Sunday, August 15, 2010

Are we losing the True Spirit of Ramadhan?

Are we losing the True Spirit of Ramadhan?
By Shelina Zahra Janmohamed

Condensed version

Abstaining from physical intake during daylight hours – which means food, drink, and sex – with the intention of getting closer to the Divine, has a myriad of philosophies and meanings.
It allows appreciation of the suffering of the poor and hungry, a chance to devote less time to the physical and more time to the spiritual, a recognition that we can live happily and successfully with less than we have.
The philosophy of restraint and frugality adhered to during the day has its mirror image in the excessive culinary indulgence after dark.

Instead of cutting back on the desire to consume, we end up with heightened consumption in these 30 days, whether that be in restaurants or in retail.

Countries where Muslims are minorities.

In these countries, if you are fasting you have to make an active choice to go against the grain of mainstream society. You still have to go to work where you can stare longingly at your colleagues drinking coffee, or attend meetings, which run across the iftar time. You have to really know and understand why you are fasting, rather than just being swept up in the maelstrom. There is a sense of community purpose in these countries and an overwhelming push towards spiritual success.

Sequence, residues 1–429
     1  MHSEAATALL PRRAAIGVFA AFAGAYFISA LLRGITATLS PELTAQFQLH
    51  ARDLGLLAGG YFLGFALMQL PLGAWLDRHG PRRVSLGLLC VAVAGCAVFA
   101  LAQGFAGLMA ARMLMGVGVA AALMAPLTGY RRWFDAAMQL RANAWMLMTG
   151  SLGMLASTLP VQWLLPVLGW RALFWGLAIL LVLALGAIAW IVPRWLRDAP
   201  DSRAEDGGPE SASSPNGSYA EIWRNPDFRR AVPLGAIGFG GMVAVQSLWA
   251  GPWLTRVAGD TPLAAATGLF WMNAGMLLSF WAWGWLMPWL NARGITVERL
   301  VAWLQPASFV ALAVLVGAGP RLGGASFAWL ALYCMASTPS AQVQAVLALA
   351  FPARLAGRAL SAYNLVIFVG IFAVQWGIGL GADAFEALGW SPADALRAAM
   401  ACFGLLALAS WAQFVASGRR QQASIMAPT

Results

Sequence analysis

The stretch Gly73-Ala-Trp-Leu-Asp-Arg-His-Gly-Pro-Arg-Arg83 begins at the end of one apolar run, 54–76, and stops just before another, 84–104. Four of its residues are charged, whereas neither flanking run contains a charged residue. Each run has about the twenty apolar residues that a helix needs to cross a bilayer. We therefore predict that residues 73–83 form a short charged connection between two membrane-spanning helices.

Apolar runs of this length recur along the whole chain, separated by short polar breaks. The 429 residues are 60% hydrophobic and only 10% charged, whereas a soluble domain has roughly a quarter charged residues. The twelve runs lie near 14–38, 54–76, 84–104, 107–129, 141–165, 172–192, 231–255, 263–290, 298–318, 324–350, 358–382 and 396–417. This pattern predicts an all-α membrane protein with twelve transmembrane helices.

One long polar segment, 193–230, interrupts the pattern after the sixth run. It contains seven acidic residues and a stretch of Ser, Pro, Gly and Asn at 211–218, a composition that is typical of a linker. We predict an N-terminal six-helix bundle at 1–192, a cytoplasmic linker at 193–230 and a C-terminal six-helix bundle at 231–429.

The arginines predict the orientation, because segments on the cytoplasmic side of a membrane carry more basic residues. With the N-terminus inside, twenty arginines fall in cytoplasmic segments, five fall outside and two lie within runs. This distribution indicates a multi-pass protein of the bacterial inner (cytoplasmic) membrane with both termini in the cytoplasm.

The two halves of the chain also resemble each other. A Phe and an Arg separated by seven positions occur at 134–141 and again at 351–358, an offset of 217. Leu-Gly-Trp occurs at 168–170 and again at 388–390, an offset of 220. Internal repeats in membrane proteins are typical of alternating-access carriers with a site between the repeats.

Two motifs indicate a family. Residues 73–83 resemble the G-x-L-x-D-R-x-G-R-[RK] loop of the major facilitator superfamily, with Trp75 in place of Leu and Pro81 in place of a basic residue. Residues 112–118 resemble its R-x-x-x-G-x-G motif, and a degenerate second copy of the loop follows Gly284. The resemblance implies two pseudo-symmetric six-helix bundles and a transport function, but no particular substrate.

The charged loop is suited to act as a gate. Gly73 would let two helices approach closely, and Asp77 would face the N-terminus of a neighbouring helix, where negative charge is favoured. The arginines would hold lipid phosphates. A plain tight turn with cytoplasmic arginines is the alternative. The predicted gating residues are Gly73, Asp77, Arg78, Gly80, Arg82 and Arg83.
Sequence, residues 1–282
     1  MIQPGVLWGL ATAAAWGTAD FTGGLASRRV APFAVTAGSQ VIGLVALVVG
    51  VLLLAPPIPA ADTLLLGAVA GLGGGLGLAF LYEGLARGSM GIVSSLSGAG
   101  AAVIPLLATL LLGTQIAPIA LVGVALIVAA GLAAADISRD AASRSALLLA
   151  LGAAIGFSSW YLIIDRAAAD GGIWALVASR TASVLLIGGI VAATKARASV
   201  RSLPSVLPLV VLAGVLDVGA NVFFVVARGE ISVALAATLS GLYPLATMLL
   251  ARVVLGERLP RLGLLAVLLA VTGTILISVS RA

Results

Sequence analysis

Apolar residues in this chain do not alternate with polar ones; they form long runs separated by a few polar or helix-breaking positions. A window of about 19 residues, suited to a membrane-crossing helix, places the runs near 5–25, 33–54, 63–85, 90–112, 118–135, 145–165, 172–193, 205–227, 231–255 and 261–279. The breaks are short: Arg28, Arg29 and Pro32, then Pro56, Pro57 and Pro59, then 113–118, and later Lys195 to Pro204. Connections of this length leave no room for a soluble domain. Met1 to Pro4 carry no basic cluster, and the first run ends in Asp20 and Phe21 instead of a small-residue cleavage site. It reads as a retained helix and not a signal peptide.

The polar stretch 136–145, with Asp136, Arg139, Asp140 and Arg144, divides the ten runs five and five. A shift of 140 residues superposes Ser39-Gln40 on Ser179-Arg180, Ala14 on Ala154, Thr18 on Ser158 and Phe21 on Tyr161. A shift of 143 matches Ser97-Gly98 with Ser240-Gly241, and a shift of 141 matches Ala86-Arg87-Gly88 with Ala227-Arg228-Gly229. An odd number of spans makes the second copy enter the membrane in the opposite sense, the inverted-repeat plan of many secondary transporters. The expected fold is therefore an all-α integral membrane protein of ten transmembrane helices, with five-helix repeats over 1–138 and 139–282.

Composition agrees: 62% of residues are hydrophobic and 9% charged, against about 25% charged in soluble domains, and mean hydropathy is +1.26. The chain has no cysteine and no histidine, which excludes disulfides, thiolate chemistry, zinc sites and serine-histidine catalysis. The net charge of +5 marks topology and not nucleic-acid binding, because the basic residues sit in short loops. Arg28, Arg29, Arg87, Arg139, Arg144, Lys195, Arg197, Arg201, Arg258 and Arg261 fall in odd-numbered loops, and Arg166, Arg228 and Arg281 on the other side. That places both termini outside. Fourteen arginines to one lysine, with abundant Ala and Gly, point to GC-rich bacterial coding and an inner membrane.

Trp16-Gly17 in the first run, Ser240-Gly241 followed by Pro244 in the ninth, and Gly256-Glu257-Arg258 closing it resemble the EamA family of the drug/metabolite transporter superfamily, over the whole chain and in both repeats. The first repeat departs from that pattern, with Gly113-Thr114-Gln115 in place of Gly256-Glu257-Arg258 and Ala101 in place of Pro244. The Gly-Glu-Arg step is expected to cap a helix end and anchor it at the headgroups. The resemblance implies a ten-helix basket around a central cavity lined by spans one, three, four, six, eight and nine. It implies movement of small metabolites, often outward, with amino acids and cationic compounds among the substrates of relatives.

You do not have to be religious to appreciate that the social and ethical meanings of festivals such as Christmas, Ramadhan and Eid have a great deal to contribute to the morality of human society.

But Ramadan should be about more than gluttony, shopping and vacuous entertainment.

We do in fact need to recognize and acknowledge the place of Ramadhan’s material pleasures. By being honest about the importance of the physical, we can de-prioritize it in favor of the spiritual and moral at least for the 30 days of Ramadhan.

This DE-prioritization is what makes Ramadhan special in the first place. By withholding the importance of the physical self, Ramadhan is about recognizing the importance of our individual spirit, and about finding our place as souls, not bodies, in the society in which we live.

Shelina Zahra Janmohamed is a British commentator on Islam and author of Love in a Headscarf, a new memoir of growing up as a Muslim woman

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